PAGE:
The second half is a complete change of tone, considerably blacker than what has come before. Here Jack is trying to supress his moments of gibberish and act the part of the country squire, giving McAvoy a chance to display his abilities once again, beginning with quietly supressed frenzy and allowing it to grow and distort as the story unfolds. The great success of this performance is in making these two halves of Jack’s insanity seem part of the same man and convey a sense of outward authority that wins over his family and the community. Most of all, McAvoy looks like he’s having a great time and earned a rapturous standing ovation from the audience, which may have been for the unicycling alone!
The rest of the cast play their roles well even though the script gives them far less to do; Kathryn Drysdale’s cockney Grace Shelley was a little over the top even for this production in the first act, but was much better in the second. It was only the second night of the run so there’s still a long way to go yet. Serena Evans is great as Uncle Charles’s beleaguered wife Claire who is frustrated by her boring life and husband and is drawn to Jack’s freedom. The biggest laughs were reserved for Anthony O’Donnell however as long-serving Communist butler Tucker, who inherits £20,000 from his late master but stays to protect Jack. There’s quite an interesting parallel drawn between these two characters, both suddenly inherit money but neither cope – Jack because he is mad and Tucker because he drinks – but they are temporarily drawn together by their new-found status. Tucker also represents the perspective of the working-classes, dismissing the idiocy of his ‘betters’ and supporting their demise. It is most obviously through Tucker that we see the consequences of Jack toxicity, and O’Donnell is fantastic throughout.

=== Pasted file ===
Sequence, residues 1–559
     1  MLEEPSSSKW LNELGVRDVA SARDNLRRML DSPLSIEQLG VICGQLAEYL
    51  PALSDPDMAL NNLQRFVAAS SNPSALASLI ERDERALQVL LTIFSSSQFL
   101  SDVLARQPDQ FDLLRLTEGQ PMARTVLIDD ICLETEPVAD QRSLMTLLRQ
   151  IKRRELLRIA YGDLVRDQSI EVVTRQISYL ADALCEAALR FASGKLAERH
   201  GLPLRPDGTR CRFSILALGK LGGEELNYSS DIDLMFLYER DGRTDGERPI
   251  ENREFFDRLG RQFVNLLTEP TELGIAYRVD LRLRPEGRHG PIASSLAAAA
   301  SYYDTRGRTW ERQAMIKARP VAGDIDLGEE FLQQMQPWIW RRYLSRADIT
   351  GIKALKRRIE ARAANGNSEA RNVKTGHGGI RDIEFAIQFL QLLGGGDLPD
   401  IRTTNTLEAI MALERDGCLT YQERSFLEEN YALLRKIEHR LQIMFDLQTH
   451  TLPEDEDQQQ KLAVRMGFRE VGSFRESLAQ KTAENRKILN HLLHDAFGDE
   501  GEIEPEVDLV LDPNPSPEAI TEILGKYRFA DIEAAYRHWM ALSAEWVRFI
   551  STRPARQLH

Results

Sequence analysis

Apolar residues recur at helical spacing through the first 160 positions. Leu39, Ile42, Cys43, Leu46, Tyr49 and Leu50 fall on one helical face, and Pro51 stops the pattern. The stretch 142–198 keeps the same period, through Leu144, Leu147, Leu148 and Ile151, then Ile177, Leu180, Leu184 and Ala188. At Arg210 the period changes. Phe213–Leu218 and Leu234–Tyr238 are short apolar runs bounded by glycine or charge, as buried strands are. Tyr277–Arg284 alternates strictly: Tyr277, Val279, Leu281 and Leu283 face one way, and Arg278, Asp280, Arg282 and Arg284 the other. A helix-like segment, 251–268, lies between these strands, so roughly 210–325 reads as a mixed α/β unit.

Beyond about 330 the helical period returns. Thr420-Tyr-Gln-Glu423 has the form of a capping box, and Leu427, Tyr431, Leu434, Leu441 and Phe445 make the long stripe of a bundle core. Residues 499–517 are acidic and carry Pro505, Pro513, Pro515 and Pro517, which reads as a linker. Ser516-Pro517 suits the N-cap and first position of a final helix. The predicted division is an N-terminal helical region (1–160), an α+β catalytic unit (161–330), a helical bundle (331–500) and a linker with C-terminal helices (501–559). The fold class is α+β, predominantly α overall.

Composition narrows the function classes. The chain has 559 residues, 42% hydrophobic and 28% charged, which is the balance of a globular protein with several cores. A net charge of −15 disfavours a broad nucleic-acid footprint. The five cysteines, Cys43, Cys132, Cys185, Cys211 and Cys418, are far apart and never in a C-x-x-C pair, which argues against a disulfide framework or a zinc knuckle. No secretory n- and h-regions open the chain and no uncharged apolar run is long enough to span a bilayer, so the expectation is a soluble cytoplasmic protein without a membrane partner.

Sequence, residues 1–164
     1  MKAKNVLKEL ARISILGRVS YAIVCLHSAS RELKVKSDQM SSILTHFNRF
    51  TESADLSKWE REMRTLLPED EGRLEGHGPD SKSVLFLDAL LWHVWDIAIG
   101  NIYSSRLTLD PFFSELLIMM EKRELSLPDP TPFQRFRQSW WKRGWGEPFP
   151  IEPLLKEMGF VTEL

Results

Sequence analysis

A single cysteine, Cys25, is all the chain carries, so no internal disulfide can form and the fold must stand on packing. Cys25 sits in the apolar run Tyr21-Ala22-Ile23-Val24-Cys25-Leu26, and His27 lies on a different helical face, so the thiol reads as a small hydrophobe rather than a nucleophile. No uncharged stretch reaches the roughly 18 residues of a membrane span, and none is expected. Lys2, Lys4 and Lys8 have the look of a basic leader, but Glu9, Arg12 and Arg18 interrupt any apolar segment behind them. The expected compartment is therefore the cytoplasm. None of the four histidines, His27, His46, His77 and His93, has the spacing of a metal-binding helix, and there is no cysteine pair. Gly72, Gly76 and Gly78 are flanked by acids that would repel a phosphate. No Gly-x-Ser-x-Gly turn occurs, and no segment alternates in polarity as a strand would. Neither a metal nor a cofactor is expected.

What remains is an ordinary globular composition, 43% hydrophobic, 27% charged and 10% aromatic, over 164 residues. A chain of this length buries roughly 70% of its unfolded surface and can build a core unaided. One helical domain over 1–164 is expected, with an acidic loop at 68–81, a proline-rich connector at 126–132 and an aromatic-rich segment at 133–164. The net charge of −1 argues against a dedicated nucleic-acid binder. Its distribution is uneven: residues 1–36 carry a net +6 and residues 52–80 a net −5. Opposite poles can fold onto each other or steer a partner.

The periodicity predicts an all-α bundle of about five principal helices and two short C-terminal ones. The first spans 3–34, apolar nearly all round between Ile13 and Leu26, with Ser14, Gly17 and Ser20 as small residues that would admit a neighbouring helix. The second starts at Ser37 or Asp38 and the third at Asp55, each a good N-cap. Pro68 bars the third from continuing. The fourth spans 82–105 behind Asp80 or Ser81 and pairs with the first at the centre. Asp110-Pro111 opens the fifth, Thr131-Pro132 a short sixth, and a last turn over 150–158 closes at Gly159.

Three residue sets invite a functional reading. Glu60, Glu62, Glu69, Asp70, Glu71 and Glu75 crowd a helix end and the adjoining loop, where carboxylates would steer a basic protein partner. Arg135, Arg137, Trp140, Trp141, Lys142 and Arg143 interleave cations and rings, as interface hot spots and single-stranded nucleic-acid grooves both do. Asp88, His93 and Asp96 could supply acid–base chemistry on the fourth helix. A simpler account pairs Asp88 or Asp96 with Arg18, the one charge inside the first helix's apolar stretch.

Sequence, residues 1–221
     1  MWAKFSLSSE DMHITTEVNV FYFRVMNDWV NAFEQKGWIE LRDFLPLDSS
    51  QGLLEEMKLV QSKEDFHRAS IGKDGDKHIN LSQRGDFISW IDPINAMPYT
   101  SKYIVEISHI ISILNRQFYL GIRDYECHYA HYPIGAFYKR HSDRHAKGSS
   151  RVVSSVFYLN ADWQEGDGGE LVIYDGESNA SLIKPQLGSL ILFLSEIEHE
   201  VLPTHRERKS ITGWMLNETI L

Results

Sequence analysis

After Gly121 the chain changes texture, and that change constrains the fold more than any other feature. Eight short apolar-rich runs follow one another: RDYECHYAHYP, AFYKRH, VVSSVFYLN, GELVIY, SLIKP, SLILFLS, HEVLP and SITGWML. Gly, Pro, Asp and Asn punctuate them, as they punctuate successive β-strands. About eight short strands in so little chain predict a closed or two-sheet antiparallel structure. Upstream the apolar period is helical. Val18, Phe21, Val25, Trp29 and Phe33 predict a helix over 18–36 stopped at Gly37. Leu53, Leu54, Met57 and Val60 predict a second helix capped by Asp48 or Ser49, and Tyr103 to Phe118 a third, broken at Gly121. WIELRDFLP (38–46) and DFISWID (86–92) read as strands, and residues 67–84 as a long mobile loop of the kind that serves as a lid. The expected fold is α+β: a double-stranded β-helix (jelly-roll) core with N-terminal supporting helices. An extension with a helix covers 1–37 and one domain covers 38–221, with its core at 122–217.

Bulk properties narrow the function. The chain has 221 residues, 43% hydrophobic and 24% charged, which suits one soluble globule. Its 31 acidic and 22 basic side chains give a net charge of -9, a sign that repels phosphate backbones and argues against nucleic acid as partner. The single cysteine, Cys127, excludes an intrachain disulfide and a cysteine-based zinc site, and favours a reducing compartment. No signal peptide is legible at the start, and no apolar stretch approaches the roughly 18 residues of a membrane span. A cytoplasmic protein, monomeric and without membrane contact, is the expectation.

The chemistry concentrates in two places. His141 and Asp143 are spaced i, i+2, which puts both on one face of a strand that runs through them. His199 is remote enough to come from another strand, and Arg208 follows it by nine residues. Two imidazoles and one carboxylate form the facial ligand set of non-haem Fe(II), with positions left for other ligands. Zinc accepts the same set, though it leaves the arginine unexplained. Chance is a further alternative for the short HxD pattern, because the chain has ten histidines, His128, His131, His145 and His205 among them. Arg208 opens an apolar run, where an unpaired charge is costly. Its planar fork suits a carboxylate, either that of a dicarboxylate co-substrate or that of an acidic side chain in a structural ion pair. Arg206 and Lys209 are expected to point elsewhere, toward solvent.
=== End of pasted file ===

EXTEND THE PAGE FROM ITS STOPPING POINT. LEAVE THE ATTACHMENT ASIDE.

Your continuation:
Soutra Gilmour’s production design is very fitting, largely country shades of brown and green which makes Jack’s white suit all the more eye-popping, before he adopts more muted colours in Act Two. Transporting characters to the garden is cleverly done with sunflowers growing up through the set and unfolding, before neatly retracting the same way. And the House of Lords scene, complete with cobwebbed half-skeletons representing the Peers of the Realm was also a neat satire.
Overall then, this is a great production of a very strange play. It’s a caveat worth noting if you like your drama straight and linear; the individual characters don’t have much depth and there are some very bizarre delusion sequences which may not appeal to everyone. You should also note the rather thin seating in Studio One, a shame for a purpose built modern theatre, so you’re likely to be very cosy with your neighbouring strangers. But don’t let that put you off; this is a great revival full of hilarious moments and a really great central performance from James McAvoy. So, the first of the big five performances of 2015 has set the bar high and we’ll see in the coming months whether Mark Strong, Ralph Fiennes, Damien Lewis and Benedict Cumberbatch can rise to the challenge, and if any of them is brave enough to face an audience in just their pants!
The Ruling Class is at The Trafalgar Studios until 11 April. Tickets start at £29.50, although £15 tickets for Mondays are released on 2nd of every month.